Every region has its wilderness. There is the fire in the kitchen, and there is the place less traveled. In most settled regions there used to be some combination of prime agricultural land, orchard and vine land, rough pasturage, woodlot, forest, and desert or mountain "waste." The de facto wilderness was the extreme backcountry part of all that. The parts less visited are "where the bears are." The wilderness is within walking distance—it may be three days or it may be ten. It is at the far high rough end, or the deep forest and swamp end, of the territory where most of you all live and work. People will go there for mountain herbs, for the trapline, or for solitude. They live between the poles of home and their own wild places. (...)
Between the extremes of deep wilderness and the private plots of the farmstead lies a territory which is not suitable for crops. In earlier times it was used jointly by the members of a given tribe or village. This area, embracing both the wild and the semi-wild, is of critical importance. It is necessary for the health of the wilderness because it adds big habitat, overflow territory, and room for wildlife to fly and run. It is essential even to an agricultural village economy because its natural diversity provides the many necessities and amenities that the privately held plots cannot. It enriches the agrarian diet with game and fish. The shared land supplies firewood, poles and stone for building, clay for the kiln, herbs, dye plants, and much else, just as in a foraging economy. It is especially important as seasonal or full-time open range for cattle, horses, goats, pigs, and sheep. (...)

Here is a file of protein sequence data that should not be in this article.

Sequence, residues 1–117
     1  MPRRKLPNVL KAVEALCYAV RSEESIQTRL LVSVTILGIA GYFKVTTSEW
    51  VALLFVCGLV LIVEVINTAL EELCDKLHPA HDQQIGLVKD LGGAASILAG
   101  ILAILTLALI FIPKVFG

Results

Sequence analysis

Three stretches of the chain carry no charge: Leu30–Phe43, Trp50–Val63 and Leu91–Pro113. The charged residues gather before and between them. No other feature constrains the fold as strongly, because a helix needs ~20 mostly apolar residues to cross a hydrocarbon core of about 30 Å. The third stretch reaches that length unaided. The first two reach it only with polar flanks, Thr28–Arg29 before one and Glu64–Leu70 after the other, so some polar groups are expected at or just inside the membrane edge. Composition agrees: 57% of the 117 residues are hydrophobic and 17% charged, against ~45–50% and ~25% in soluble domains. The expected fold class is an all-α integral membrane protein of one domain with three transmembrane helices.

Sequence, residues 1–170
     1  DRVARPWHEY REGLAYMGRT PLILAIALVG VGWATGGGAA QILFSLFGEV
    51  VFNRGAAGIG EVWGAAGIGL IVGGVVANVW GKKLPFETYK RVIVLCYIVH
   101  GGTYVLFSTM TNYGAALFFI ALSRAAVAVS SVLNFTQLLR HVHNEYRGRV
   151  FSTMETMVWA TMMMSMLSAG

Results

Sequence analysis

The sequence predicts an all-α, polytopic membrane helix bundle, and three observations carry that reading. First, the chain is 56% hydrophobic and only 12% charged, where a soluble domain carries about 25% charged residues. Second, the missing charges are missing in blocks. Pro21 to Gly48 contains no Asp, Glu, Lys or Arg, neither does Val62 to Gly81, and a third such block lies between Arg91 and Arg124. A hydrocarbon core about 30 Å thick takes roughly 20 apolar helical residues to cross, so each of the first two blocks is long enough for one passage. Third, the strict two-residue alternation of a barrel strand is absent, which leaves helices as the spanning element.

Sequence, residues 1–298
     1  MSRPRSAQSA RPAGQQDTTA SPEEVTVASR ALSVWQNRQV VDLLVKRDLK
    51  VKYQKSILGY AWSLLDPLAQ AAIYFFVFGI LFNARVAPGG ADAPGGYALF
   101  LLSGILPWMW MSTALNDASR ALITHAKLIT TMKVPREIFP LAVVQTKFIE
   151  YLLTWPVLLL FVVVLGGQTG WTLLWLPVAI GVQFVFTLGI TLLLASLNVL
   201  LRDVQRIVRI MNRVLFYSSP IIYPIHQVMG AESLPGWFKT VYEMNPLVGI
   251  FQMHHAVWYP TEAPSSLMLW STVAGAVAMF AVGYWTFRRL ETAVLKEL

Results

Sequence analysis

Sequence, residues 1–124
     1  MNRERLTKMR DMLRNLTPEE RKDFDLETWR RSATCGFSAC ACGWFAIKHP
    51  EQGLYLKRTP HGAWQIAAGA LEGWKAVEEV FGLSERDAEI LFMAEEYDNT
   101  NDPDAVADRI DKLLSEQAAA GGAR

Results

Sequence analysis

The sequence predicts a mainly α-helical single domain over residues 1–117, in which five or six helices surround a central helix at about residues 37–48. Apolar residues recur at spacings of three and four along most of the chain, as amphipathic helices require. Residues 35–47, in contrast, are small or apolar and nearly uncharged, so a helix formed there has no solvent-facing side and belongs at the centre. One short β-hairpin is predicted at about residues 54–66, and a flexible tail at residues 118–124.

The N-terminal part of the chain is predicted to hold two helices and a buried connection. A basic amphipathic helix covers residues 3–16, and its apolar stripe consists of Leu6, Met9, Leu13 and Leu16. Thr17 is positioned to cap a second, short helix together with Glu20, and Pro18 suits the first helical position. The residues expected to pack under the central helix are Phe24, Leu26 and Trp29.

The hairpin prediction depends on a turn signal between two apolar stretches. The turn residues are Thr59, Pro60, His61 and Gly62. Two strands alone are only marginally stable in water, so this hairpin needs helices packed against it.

The commons has been defined as "the undivided land belonging to the members of a local community as a whole." This definition fails to make the point that the commons is both specific land and the traditional community institution that determines the carrying capacity for its various subunits and defines the rights and obligations of those who use it, with penalties for lapses. Because it is traditional and local, it is not identical with today's "public domain," which is land held and managed by a central government. Under a national state such management may be destructive (as it is becoming in Canada and the United States) or benign (I have no good examples)—but in no case is it locally managed. One of the ideas in the current debate on how to reform our public lands is that of returning them to regional control. (...)
The commons is the contract a people make with their local natural system. The word has an instructive history: it is formed of ko, "together," with (Greek) moin, "held in common." But the Indo- European root met means basically to "move, to go, to change." This had an archaic special meaning of "exchange of goods and services within a society as regulated by custom or law." I think it might well refer back to the principle of gift economies: "the gift must always move." The root comes into Latin as munus, "service performed for the community" and hence "municipality."
The practice of the wild, Gary Snider